In your day-to-day life, you are most likely to hear the term “polar” in relation to the poles at the extremes of the earth, the North and South poles. The location of these poles are at opposing points on the surface of the planet. Much like the poles found at the extreme north and south of the Earth, a battery also has poles, a negative end, and a positive end. In the context of batteries, one end of the battery has a positive charge while the opposite and has a negative charge. Much like batteries, atoms can have poles and polarity as well, even the bonds that are found between atoms can have polarity. Molecules are classified as polar when the atoms comprising the molecule are arrayed in a way that one end of the molecule has a net negative charge while the opposite and has a net positive charge.
Atoms which have a weak electronegativity can bond with those that have a higher electronegativity value, and when this occurs a polar molecule is created. Electrical poles are created when atoms with varying electronegativity levels join, and the polar nature of molecules created in this fashion means that they can bond with many other kinds of molecules. The fact that polar molecules have both a negative region and positive region enables them to bond with a wide variety of other chemical structures. Water is a polar molecule, and thanks to as polar nature it is able to join many other molecules and serve as the basis for life on Earth.
If polar molecules have electrical poles, you may be able to guess that nonpolar molecules lack electrical poles. Nonpolar molecules lack a noticeable charge on either half of the structure, having a more or less even distribution of electrons across the entire molecule. So to sum up, nonpolar molecules lack differences in charges on either end of the molecule, with the charges of atoms canceling each other out. Meanwhile, polar molecules are notable for the fact that their dipoles have both a net negative charge and a net positive charge.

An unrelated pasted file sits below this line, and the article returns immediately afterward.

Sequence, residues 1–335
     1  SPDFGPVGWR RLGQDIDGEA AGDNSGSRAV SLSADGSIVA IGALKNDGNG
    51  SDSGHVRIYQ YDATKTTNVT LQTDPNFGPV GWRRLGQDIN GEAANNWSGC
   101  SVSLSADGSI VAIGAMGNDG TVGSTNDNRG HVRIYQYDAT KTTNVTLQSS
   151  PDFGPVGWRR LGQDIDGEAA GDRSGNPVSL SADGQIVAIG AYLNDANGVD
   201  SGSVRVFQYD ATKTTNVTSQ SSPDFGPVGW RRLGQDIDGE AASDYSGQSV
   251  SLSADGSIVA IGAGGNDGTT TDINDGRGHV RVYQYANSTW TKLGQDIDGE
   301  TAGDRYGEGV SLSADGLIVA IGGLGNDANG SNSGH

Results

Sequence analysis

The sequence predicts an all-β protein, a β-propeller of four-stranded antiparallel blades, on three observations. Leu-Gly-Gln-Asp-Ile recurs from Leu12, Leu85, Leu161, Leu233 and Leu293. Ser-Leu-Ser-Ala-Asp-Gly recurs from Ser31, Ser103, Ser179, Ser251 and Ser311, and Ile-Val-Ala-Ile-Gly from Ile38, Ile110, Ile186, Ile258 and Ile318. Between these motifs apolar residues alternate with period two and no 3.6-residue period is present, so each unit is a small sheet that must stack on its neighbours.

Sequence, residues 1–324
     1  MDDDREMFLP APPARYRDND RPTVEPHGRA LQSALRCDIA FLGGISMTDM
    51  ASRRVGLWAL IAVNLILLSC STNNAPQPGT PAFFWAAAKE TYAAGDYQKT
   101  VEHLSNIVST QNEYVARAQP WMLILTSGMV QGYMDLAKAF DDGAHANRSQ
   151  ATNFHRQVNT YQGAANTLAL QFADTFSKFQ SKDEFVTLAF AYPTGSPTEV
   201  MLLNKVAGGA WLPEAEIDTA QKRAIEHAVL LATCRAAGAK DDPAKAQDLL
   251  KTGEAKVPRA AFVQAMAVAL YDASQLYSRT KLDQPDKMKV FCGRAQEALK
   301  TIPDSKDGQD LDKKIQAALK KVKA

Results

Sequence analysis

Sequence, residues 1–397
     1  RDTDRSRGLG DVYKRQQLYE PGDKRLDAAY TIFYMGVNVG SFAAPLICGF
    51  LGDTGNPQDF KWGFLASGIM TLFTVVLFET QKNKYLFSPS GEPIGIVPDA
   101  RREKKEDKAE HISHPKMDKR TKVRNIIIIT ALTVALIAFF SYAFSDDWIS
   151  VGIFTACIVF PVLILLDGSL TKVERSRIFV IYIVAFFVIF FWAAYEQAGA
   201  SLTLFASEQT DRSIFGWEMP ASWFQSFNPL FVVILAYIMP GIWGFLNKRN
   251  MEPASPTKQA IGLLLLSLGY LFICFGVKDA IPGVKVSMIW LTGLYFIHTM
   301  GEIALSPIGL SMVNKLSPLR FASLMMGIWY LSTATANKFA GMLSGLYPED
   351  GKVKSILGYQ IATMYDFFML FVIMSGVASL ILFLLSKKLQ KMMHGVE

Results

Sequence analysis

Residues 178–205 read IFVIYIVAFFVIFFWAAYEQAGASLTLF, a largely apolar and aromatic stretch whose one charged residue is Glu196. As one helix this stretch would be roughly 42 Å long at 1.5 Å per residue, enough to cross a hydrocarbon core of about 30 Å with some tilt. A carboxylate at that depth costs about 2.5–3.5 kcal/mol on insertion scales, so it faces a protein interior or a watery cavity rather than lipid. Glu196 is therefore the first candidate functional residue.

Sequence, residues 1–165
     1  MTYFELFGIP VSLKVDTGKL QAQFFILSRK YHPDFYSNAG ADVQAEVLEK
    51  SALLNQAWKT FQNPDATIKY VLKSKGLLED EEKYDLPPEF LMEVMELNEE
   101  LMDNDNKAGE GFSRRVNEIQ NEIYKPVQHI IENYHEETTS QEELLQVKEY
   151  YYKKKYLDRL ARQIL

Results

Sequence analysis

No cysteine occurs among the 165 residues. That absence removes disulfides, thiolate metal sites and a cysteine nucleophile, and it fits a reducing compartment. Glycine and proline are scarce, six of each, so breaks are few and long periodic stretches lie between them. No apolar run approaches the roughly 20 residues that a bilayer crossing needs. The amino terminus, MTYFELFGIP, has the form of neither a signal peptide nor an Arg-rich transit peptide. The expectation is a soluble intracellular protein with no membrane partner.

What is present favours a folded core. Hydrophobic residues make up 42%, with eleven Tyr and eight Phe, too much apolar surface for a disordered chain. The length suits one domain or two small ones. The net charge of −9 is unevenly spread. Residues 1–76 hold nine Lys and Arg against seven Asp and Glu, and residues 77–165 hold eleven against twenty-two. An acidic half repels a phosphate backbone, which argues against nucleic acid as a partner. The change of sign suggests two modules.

Examples Of Polar And Nonpolar Molecules
Let’s go over some specific examples of polar and nonpolar molecules.
As mentioned, water is a polar molecule and the bonds that join the oxygen and hydrogen atoms together are distributed such that there is an equal amount of space on both halves of the oxygen-hydrogen bond, and this arrangement means that one half of the molecule has a net negative charge while the other half maintains a positive charge. Another polar molecule is ethanol, which gets its polar nature due to the fact that the oxygen atoms found within the molecule have a greater electronegativity than the atoms surrounding. The higher electronegativity potential means that these oxygen atoms attract more electrons than the hydrogen atoms, giving the – OH bonds and a total negative charge. Other polar molecules include sulfur dioxide and hydrogen sulfide.
Nonpolar molecules include molecules such as ozone, oxygen, and nitrogen. In the case of these nonpolar molecules they are comprised out of a single element, and they are referred to as homonuclear molecules. There are molecules that are homonuclear, and they include carbon dioxide, carbon tetrachloride, and methane. Substances like gasoline, toluene and acetic acid also tend to be nonpolar.
While carbon monoxide is a polar molecule, most carbon compounds are nonpolar, with carbon monoxide’s unique structure making it a polar molecule and an exception to that rule. Carbon monoxide has an electronegativity difference between the oxygen and carbon molecules great enough that the molecule has a difference in charges and is polar. Another way that carbon monoxide is unusual is that while most linear molecules are nonpolar, carbon monoxide is polar. Other nonpolar molecules include the noble gases and alkynes. The noble gases, sometimes called inert gases, are nonpolar because they are made only out of atoms of the same element, while alkynes can dissolve in water. Helium, krypton, argon, and neon are all examples of noble gases.
The electronegativity values of a molecules atom’s are something that determines whether or not a molecule is nonpolar or polar. After all, the electrons are shared equally between atoms if there is are large differences in electronegativity values, and if the values are shared unequally the molecule will have a net negative charge in one area and a net positive charge in another, making it polar. Remember that the total electronegativity, the electronegativity for all bonds, must be taken into account. One of the primary factors influencing a molecule’s polarity is the molecule’s structure/geometry. If the molecule’s charges are all orbiting a central atom, in all likelihood they are evenly distributed and the molecule will be nonpolar as a result. When predicting the polarity of a molecule both the total electronegativity and the structure of the molecule must be considered.